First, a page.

But on other hand, should all men devote their entire lives to work, work, work to provide for their families as soon as they step out of college for good? Maybe they start wearing neat, well-pressed suits with neckties around the house even in middle of the summer? Then the future generations to come will live happily ever after. :P
Seriously, most kids will always find their entrance into adulthood daunting. That is normal and natural, of course. And they will always find "temporary" sanctuary in lots of pizza, beer, video games, sports, and pretty girls before they are able to take on the responsibilities and demands of adulthood. BUT! -
First, NOT all young men can be squeezed into the culture's current "ideal" mold of what a "real" man should be: a selfless, well-built "Mr. Mom" gentleman with an impressive-looking McMansion housing an IMAX-sized home theater, two gigantic SUVs with all the bells and whistles to keep kids entertained, two well-behaved dogs in the park-like backyard with a mammoth-sized swimming pool, etc. by age 30 or younger any more than a woman can "have it all."
Second, men aren't "required" to get married or have kids these days, let alone have a girlfriend if they aren't interested. And of course, women aren't just baby machines waiting for "Mr. Right" to one day come along and cater to their personal needs, either.
Finally, men can have any kind of interest they like: video gaming, football, Transformers, My Little Pony, anime, even porn, anything - as long as these hobbies don't seriously interfere with a guy's personal life, work, relationships, marriage, parenthood, health, etc., of course.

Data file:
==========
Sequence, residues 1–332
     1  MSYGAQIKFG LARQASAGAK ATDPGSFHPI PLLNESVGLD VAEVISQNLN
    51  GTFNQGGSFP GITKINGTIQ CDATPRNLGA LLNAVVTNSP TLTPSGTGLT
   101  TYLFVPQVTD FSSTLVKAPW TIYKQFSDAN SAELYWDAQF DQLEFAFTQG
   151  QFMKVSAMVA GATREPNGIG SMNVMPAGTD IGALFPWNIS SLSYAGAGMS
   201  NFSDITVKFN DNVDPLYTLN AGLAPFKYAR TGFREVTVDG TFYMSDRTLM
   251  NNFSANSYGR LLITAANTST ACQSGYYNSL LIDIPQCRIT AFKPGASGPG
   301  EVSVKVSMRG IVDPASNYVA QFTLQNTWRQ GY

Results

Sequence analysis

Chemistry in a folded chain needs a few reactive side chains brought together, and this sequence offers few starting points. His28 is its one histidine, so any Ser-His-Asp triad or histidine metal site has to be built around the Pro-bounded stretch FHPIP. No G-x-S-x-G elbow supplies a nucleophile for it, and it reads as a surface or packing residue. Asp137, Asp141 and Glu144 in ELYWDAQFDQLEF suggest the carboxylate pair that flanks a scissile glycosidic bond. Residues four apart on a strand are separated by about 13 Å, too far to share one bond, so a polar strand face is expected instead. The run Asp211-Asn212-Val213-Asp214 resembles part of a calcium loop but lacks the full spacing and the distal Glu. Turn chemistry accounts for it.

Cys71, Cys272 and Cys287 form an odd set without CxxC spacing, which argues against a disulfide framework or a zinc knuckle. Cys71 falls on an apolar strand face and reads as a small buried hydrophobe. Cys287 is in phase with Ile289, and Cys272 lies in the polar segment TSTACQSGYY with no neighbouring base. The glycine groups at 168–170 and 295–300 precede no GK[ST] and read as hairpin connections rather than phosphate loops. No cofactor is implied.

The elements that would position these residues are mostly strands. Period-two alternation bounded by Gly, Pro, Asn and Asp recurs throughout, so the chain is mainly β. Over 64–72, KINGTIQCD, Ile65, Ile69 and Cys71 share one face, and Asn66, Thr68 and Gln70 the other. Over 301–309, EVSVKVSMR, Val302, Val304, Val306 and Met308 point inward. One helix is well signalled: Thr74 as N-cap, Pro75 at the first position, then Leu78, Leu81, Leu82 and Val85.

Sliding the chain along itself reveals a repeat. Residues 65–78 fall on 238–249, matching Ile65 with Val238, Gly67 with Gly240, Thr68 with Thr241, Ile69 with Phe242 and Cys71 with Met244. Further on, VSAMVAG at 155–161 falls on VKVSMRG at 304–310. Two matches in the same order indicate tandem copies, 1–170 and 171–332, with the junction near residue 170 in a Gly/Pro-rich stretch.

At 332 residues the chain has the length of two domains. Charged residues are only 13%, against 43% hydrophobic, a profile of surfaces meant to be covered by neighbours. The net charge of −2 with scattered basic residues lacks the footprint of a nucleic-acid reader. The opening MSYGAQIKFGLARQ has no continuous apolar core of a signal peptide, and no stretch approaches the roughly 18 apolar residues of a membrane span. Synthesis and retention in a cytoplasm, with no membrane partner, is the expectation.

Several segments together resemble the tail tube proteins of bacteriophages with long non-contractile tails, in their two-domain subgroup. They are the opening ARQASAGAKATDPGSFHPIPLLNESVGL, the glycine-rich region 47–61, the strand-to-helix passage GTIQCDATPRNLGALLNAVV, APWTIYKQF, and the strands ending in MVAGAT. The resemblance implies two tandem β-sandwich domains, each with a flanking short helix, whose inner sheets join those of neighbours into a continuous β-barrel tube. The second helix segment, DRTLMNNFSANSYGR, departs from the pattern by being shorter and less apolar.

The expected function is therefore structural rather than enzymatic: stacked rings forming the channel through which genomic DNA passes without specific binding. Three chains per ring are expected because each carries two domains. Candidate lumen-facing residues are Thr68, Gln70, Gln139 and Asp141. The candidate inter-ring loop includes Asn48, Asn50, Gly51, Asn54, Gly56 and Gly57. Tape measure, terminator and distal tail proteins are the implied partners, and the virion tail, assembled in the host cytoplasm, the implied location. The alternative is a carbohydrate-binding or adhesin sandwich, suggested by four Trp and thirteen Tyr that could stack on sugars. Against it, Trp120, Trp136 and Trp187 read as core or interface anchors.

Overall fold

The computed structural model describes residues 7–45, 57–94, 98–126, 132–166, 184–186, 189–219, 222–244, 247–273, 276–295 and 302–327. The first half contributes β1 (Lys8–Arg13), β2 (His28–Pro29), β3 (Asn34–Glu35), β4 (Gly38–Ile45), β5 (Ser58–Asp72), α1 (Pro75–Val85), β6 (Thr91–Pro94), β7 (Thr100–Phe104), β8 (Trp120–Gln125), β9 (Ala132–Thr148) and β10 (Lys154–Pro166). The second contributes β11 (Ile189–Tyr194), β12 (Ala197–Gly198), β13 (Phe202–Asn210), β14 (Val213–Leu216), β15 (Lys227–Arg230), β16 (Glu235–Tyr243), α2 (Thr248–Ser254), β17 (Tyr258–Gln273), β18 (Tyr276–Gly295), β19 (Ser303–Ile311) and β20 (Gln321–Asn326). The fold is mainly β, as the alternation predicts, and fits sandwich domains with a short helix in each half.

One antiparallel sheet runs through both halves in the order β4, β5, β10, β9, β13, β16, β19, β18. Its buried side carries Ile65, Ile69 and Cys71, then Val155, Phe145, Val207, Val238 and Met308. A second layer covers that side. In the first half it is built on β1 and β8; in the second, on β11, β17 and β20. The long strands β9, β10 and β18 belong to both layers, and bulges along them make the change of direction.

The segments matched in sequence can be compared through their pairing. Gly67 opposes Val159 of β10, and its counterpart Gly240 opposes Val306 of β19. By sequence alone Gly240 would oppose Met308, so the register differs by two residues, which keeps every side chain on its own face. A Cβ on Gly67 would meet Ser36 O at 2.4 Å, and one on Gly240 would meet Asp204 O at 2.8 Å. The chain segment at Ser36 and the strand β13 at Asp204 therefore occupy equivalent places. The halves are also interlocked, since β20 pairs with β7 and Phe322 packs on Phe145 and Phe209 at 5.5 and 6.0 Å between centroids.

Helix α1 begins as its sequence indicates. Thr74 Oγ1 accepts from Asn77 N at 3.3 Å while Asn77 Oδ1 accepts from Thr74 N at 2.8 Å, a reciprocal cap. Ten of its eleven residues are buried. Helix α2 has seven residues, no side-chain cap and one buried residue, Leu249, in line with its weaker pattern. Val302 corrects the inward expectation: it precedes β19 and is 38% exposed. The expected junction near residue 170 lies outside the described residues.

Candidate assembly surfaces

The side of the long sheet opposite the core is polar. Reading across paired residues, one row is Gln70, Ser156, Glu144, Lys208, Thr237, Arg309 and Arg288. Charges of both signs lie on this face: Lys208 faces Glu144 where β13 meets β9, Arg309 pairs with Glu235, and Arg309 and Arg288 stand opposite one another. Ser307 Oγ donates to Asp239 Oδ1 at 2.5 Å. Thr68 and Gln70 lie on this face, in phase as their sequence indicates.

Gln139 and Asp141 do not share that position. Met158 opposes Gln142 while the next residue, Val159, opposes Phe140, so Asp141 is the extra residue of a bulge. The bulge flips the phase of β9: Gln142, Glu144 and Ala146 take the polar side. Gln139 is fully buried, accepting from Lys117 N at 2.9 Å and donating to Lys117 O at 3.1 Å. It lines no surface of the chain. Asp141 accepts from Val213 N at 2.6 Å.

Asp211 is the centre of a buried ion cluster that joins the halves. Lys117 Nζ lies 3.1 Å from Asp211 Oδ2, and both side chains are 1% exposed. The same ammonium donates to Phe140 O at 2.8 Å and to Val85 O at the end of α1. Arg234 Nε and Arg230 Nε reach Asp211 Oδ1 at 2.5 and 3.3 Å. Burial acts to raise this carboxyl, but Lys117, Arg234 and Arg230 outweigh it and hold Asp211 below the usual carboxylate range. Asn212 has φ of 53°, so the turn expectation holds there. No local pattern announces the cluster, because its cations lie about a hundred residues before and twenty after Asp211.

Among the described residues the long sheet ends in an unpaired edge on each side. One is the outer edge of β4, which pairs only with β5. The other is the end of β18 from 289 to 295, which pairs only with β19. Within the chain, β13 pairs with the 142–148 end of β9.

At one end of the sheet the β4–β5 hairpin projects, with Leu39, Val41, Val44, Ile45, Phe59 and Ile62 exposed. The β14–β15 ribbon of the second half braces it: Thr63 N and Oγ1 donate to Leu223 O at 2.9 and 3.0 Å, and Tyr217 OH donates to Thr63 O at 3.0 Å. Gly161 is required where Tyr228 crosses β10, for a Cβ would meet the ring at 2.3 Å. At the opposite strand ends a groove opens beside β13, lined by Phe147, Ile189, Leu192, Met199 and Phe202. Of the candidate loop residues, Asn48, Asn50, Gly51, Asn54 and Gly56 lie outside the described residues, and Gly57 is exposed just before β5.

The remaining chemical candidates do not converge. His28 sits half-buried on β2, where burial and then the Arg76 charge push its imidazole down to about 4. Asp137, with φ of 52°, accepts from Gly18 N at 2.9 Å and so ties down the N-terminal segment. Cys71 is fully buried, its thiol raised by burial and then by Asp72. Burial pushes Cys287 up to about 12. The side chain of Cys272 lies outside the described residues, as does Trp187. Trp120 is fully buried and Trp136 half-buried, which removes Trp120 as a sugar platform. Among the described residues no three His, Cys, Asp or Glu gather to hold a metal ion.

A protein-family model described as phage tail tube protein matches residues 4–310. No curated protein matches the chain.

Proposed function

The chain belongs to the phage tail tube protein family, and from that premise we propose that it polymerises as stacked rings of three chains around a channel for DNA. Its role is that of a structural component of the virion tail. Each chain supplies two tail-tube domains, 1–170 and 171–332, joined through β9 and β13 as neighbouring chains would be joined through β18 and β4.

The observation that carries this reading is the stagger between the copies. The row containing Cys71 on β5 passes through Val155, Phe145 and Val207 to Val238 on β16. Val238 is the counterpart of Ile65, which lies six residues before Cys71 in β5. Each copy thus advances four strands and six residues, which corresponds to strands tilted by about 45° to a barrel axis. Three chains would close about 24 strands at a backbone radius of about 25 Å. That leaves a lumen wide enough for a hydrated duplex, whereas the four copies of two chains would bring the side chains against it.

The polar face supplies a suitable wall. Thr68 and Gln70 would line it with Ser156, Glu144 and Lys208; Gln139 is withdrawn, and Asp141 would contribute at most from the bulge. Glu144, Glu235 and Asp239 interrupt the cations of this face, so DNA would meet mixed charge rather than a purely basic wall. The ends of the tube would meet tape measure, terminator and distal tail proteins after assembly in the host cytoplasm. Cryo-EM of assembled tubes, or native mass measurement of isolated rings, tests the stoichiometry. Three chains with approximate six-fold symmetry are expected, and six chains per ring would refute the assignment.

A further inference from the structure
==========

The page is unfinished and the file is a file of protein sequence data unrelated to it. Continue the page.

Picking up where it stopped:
That aside, boys and young men all need positive role models/messages about their approaching manhood that will not give them a "discouraging" view of the future as well as freedom to be themselves against the staggering (and even lethal) pressure to be "manly" through drinking contests, hazing rituals, and womanizing in college as well as gay-shaming, "toughing it out", and remaining silent when a woman is sexually attacked by one of the so-called "guy" friends - for the sake of "brotherhood", of course. :P
Guyland, by Dr. Michael Kimmel, offers a promise of such understanding, but does not deliver.
Reviewing books like Guyland is challenging because one has to not only analyze their claims, but also the context in which they are written in light of current cultural attitudes surrounding young men. We can and will quickly enter emotionally-loaded territory in the race element, so I will avoid the petulant bickering that is currently poisoning identity politics. Approaching this book with an open mind, as suggested by other reviews here on Amazon, does not mean that the science and data behind the book are above scrutiny.